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Lopes v. Ferrari

Court of Appeals of Connecticut

March 12, 2019

YISIAH LOPES
v.
MARYANNA FERRARI

          Argued January 4

         Procedural History

         Application for custody of the parties' minor child, and for other relief, brought to the Superior Court in the judicial district of Waterbury where the court, Ficeto, J., denied the plaintiff's motion for the defendant to undergo a psychological evaluation; thereafter, the matter was tried to the court, Hon. Lloyd Cutsumpas, judge trial referee; judgment granting, inter alia, joint legal custody to the parties; thereafter, the court granted the plaintiff's motion to reargue and reconsider but denied the relief requested therein, and the plaintiff appealed to this court.

          Dale R. Funk, for the appellant (plaintiff).

          Michael K. Conway, for the appellee (defendant).

          Keller, Bright and Moll, Js.

          OPINION

          BRIGHT, J.

         The plaintiff, Yisiah Lopes, appeals from the judgment of the trial court granting the parties joint custody of their minor child and giving the defendant, Maryanna Ferrari, final decision-making authority when the parties fail to agree on a disputed matter concerning the child. On appeal, the plaintiff claims that (1) due to the court's denial of his motion requesting the court to order the defendant to undergoapsychological evaluation, the evidence was insufficient for the court to make an accurate assessment of the child's best interests, and (2) the court's custody determination, as set forth in its memorandum of decision, fails to comply with General Statutes §§ 46b-56 and 46b-56a (b). We affirm the judgment of the trial court.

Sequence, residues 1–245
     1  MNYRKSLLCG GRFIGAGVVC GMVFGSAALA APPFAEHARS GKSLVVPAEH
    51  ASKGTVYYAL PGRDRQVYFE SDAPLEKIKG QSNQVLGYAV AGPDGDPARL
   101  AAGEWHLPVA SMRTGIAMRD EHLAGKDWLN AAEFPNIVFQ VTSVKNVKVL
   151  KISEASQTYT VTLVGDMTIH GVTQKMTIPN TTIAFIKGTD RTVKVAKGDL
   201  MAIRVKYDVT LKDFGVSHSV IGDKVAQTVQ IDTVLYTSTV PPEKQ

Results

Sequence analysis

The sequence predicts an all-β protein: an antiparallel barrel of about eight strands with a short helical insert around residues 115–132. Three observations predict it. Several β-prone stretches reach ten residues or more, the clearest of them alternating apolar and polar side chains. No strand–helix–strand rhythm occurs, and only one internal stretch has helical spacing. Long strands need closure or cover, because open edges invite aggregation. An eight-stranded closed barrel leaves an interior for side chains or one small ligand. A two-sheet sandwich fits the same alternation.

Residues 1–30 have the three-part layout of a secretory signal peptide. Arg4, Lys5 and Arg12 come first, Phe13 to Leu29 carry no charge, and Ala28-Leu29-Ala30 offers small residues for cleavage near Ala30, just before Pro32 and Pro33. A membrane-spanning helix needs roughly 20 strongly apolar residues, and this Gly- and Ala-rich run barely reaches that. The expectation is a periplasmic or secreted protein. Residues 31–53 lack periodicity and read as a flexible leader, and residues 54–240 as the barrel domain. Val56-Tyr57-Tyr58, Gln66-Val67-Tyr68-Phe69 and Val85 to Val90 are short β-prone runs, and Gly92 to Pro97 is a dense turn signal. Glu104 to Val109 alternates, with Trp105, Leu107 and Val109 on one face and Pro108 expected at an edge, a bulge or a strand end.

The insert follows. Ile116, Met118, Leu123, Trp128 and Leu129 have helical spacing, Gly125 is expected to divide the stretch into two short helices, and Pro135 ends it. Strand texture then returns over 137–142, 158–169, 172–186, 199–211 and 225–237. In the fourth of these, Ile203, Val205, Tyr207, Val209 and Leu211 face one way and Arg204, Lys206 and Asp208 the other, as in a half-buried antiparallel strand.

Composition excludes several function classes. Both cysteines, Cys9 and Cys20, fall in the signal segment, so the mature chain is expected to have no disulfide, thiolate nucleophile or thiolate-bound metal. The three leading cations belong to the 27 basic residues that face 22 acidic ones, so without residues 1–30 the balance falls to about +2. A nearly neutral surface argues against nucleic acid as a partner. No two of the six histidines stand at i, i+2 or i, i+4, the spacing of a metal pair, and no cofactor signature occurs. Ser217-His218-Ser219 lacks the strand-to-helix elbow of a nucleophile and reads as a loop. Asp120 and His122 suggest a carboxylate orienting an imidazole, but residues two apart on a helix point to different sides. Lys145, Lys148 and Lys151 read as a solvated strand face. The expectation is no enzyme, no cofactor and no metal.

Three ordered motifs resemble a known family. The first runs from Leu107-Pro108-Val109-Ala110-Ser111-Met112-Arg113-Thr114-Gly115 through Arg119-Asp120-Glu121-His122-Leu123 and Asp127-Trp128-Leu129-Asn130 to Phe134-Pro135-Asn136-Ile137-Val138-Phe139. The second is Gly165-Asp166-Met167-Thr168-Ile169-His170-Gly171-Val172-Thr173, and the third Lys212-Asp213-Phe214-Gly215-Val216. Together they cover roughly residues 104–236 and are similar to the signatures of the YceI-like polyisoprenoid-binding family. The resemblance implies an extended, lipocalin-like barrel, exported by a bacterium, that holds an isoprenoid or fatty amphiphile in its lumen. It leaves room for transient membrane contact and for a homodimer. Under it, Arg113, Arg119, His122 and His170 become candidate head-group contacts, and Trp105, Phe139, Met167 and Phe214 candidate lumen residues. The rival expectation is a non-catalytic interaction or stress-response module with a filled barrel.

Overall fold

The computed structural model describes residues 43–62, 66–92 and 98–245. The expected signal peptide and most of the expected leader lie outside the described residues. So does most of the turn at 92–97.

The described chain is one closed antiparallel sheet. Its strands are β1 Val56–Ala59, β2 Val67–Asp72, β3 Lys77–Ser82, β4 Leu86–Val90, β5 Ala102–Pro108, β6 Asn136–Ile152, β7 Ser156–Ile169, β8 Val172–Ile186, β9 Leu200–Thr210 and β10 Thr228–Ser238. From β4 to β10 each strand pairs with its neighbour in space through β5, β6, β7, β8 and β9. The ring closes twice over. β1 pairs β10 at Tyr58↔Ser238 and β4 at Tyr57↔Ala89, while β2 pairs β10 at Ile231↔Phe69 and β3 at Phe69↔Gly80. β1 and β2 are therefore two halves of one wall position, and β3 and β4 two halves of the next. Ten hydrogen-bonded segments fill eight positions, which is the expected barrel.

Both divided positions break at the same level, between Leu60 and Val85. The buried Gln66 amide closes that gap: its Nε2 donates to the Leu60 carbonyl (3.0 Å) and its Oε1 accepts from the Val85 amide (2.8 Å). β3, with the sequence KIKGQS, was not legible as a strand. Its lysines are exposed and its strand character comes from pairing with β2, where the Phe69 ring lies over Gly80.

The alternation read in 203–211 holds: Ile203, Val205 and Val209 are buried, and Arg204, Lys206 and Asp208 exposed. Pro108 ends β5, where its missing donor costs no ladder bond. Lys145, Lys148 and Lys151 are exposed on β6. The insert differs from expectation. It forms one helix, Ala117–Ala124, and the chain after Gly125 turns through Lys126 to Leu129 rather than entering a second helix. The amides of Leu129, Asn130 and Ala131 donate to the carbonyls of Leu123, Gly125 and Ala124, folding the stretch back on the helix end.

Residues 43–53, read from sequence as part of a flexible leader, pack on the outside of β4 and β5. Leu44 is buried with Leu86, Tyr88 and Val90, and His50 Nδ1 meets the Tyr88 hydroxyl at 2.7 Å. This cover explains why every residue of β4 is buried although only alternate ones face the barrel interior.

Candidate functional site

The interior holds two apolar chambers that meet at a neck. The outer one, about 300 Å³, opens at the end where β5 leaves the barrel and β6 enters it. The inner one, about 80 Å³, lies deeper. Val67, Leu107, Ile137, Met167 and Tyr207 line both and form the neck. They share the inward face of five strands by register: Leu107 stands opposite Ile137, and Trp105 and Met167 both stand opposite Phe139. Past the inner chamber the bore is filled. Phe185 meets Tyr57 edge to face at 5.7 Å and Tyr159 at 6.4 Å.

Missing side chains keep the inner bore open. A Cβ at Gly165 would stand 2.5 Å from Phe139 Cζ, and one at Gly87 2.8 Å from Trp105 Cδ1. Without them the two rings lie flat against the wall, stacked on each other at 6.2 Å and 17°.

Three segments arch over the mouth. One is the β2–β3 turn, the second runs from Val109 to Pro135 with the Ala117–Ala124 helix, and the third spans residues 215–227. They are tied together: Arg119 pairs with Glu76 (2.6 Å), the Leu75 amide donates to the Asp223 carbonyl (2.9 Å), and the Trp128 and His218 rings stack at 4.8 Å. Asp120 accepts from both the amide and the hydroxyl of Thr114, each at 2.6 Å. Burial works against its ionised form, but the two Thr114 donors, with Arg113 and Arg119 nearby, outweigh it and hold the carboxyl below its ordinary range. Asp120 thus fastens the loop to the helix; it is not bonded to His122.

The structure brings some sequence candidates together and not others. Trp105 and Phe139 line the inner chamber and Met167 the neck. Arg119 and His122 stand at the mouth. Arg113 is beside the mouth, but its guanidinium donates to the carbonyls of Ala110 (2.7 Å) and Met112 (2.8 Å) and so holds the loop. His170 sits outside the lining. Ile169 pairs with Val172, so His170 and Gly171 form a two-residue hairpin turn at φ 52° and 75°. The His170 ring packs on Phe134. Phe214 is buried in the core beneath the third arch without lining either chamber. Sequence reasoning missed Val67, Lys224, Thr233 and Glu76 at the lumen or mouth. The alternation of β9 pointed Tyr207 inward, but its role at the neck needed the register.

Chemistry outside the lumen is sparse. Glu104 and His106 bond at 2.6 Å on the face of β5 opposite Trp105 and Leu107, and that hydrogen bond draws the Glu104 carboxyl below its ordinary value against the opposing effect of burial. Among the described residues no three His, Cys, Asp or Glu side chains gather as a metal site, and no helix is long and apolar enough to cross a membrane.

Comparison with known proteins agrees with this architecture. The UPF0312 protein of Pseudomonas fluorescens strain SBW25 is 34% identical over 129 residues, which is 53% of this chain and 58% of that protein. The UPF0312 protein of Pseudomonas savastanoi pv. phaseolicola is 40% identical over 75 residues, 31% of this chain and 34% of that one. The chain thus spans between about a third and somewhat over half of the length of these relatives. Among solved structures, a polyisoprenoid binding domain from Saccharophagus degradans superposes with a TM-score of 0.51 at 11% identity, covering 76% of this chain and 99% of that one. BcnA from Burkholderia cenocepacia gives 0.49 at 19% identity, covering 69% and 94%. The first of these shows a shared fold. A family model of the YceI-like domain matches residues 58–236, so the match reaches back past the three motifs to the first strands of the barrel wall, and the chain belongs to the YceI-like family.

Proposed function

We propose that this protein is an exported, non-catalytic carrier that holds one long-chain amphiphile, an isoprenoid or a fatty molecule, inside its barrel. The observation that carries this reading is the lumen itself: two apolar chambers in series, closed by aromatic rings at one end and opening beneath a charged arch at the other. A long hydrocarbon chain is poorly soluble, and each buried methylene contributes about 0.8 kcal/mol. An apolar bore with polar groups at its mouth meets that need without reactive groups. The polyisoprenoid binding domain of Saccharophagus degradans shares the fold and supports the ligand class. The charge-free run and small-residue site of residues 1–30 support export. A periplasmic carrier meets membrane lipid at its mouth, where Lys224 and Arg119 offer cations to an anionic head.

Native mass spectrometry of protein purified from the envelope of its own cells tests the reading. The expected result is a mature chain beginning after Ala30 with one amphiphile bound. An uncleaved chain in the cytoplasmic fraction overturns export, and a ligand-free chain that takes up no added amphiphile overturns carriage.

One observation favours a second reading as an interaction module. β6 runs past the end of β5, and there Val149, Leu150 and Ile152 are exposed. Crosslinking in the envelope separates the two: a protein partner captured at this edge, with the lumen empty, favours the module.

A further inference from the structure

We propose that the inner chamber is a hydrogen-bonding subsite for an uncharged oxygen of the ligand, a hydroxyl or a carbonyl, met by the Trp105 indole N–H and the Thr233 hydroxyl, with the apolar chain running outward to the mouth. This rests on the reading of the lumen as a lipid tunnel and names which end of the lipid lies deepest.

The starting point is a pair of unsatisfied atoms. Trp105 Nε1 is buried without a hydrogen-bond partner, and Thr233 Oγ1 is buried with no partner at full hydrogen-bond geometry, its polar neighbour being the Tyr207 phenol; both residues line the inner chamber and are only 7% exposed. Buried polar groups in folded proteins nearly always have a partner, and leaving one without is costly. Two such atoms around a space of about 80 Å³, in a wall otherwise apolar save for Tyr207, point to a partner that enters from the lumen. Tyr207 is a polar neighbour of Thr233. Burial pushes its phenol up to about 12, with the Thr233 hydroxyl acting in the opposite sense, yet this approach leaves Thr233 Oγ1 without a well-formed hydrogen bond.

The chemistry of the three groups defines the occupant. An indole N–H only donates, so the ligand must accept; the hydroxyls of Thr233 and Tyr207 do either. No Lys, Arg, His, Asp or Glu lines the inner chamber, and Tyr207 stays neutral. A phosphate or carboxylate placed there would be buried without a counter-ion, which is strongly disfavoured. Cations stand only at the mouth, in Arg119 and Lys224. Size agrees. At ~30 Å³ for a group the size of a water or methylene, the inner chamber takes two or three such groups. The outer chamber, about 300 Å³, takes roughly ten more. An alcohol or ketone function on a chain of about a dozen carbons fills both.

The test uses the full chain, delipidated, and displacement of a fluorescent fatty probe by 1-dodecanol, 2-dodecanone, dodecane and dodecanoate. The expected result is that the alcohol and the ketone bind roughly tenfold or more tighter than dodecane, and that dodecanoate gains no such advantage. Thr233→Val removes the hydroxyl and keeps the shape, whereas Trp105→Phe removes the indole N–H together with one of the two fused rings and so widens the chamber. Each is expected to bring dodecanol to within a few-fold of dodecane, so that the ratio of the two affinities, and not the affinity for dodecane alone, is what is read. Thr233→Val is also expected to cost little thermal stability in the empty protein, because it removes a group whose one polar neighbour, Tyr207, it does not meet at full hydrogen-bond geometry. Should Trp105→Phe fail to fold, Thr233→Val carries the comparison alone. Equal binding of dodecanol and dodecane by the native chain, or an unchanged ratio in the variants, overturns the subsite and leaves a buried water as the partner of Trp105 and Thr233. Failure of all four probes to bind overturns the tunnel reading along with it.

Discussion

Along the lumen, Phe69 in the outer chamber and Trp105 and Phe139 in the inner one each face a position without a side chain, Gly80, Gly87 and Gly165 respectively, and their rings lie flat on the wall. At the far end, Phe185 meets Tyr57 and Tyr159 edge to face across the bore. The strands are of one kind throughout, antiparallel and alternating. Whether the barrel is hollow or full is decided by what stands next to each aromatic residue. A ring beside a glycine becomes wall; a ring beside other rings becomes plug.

The following facts and procedural history are taken from the court's memorandum of decision or are part of the record. The parties, who are not married to each other, share a minor child. Approximately one week after the child's birth, the plaintiff filed an application for custody. The court referred the matter to the Family Relations Division (family relations) for a comprehensive evaluation.[1] The resulting report, thereafter, was made part of the record.[2] The court conducted an evidentiary hearing over the course of three days, and, after consideration of the statutory criteria, the court, in relevant part, awarded joint custody to the parties, with primary physical custody to the defendant. The court further ordered that the parties were to consult with each other on major decisions related to the child, but that the defendant had final decision-making authority when the parties were in disagreement. The plaintiff filed a motion to reargue and reconsider the court's determination. The court granted the motion, but it denied the relief requested. This appeal followed.

         I

         The plaintiff first claims that due to the court's denial of his motion for a court-ordered psychological evaluation of the defendant, the evidence was insufficient for the court to make an accurate assessment of the child's best interests.[3] He argues that he expressed to the court his concern that the defendant was using prescription medication, namely, Xanax, [4] on a daily basis, and he requested, to no avail, that the court order her to undergo a psychological evaluation. He contends that the court improperly denied his motion. We disagree.